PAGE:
A snowbird’s adventures in the Chile Capital of the World
Chile history, facts and recipes
Travel south on Interstate 25 through the centre of New Mexico and you will find Exit 59 south of the city of Truth or Consequences that goes off to Arrey, Derry and Hatch. Hatch, New Mexico, is the Chile Capital of the World. You can see the fields from the road—some still have bright red chiles hanging from the dying plants while others fields have leafless stems sticking up through the arid soil. Chiles are drying everywhere: bright red chiles are spread over dazzling white sheets dotting the yards of smaller growers, chiles lying on rooftops and car roofs as they soak up the sun and go from brilliant red to dark burgundy.
Chile? Don't you mean chili?
The first thing I learned was that in New Mexico chile is spelled with an e, not an i. Huh—imagine that! No, chili is not the same thing as chile. Chile refers to peppers of the genus capsicum and the Hatch area produces the best. Hatch Chile Festival is held over the Memorial Day weekend to celebrate the notoriety and harvest of green chiles. By the time we got there, only the red chiles were left. But I wanted to get up close and personal and see what happens next.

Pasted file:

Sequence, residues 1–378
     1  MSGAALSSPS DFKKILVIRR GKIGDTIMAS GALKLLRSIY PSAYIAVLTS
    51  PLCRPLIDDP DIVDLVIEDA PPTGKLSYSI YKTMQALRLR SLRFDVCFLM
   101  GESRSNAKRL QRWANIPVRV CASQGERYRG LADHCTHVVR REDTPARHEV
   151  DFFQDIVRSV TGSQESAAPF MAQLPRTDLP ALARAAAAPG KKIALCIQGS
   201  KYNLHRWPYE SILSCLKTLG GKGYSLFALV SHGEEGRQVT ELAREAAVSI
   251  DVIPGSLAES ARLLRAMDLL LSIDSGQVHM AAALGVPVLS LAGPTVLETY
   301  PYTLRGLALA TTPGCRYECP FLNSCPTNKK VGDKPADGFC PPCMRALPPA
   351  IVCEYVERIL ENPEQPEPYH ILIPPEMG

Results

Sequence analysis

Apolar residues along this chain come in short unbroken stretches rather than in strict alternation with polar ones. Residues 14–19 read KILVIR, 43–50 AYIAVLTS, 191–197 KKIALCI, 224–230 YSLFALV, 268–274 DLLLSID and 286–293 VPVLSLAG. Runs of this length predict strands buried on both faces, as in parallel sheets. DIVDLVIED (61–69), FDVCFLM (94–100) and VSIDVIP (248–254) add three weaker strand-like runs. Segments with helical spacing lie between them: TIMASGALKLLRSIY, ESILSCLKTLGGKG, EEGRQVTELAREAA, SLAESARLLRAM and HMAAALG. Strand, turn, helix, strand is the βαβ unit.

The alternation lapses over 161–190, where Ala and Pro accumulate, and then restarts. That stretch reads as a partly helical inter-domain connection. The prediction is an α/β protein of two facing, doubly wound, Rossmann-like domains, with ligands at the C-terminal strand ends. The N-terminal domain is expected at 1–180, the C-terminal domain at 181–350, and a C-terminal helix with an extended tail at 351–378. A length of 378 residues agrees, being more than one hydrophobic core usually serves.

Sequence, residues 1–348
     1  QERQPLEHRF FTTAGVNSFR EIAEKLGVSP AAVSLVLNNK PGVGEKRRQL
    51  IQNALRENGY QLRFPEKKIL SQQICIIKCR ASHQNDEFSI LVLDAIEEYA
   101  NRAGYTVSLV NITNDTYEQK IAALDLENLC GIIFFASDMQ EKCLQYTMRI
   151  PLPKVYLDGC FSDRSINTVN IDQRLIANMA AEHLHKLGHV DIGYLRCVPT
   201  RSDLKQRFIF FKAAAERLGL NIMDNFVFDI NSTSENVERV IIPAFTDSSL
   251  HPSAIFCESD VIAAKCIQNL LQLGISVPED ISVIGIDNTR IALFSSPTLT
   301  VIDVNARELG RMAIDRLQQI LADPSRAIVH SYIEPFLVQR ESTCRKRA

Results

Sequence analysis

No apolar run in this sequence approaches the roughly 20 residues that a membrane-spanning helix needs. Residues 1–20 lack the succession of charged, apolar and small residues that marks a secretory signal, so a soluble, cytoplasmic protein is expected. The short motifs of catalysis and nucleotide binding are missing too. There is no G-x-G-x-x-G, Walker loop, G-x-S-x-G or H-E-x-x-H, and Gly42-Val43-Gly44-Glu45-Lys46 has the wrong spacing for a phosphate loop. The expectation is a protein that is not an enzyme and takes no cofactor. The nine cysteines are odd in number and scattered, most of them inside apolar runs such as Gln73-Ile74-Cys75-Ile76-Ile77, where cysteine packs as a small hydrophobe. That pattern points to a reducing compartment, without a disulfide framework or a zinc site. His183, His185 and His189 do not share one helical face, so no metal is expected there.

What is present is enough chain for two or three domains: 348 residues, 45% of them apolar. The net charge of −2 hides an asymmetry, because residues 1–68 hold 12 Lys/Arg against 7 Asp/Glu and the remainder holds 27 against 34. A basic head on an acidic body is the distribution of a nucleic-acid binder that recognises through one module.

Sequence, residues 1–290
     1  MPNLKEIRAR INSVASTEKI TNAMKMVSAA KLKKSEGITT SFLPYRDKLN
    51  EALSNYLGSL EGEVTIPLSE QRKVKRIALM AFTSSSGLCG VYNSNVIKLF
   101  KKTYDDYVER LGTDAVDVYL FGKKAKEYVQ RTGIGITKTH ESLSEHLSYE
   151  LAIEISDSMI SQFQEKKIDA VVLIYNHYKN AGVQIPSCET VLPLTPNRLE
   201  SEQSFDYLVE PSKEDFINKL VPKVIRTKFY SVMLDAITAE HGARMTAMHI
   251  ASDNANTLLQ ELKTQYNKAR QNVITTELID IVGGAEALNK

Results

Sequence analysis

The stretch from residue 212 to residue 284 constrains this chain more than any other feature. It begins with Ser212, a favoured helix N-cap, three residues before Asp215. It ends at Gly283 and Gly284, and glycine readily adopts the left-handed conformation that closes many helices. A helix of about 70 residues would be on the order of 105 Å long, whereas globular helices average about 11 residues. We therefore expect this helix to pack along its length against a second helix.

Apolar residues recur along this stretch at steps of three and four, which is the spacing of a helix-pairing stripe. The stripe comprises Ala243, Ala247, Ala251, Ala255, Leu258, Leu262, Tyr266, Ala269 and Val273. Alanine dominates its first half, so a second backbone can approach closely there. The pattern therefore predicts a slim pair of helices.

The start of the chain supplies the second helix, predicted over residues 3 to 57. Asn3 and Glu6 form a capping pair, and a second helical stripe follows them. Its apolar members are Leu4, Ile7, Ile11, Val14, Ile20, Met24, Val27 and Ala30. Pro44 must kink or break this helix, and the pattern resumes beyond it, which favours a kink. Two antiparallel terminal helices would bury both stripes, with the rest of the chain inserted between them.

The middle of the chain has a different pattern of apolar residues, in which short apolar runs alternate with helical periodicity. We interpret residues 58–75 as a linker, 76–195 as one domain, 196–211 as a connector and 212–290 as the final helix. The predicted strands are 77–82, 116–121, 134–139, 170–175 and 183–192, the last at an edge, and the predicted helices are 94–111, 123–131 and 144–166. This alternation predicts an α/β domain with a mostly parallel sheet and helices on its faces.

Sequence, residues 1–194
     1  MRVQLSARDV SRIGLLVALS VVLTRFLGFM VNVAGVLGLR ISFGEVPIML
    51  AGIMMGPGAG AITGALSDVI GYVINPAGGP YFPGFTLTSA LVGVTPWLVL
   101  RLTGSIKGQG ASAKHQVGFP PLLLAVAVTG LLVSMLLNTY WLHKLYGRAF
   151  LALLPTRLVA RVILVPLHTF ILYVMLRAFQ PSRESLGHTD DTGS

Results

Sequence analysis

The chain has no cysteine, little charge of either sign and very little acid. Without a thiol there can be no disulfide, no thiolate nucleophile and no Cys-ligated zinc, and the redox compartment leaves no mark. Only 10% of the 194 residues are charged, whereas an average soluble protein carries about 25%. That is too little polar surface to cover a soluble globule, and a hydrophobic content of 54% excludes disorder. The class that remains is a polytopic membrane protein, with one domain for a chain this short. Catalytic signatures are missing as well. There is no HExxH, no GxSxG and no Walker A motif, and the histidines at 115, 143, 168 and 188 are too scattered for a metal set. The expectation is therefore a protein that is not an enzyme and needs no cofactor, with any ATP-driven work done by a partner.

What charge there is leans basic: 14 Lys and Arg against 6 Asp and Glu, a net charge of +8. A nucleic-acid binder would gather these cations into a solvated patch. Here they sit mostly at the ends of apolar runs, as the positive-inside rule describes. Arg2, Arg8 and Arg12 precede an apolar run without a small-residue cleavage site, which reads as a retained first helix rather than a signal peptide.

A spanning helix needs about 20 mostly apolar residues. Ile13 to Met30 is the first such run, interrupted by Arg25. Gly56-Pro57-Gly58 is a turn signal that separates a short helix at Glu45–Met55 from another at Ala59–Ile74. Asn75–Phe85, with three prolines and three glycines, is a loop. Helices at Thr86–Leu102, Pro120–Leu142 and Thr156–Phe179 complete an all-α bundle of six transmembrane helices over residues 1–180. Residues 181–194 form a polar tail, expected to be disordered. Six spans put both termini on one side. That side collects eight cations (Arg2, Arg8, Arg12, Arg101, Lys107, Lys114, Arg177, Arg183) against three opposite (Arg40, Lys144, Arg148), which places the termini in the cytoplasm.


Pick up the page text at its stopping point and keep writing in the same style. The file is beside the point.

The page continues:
Chile processing plants
We stopped at the first chile processing plant we saw, AA Chile Company. We were greeted at the door by a fellow covered with chile dust from stem to stern. We noticed that most workers wore gloves, breathing masks and nets over their hair and beards. Once the chiles are trucked to the plant from the fields, they are washed with a special solution to sterilize them and then put onto trays that are on tracks to travel through the drying tunnels that reach 150 degrees F. Most of AA’s chiles are crushed and sold wholesale to food companies. Paprika is one product they produce from those specialized chiles.
The second plant we visited, MBJ Packing, is family-run and our tour was with two of the brothers, Angel and Manuel. They not only dry chiles, they produce salsa and do custom packing. Their mother helps make the salsa, their sister helps with the customized packing and Angel does the marketing in El Paso. He was at the plant because they were busy and needed his help. Their process is different because they use steam to sterilize the chile and they pack some of the chiles whole—dried but supple, so the chiles can be packed into boxes without damaging them.
We discovered that the long strings of chiles that are sold all over are called ristras. They are mostly used for decoration now, but originally they were a way to dry the chiles to use later. So Deb and I decided to try our hand at stringing the chiles. After we finished, we found directions on how to do it. Yes, they did fall apart but that was okay—we just put them into the freezer until we get the courage up to try to cook with them.
Macho Chile Rellenos by Eloisa Mendez
Filling (two choices):
1. Brown seasoned hamburger and onion, stir in grated cheese while hot to melt. OR
2. Use strips of your favorite cheese (Monterey Jack, Colby, Asadero, etc.)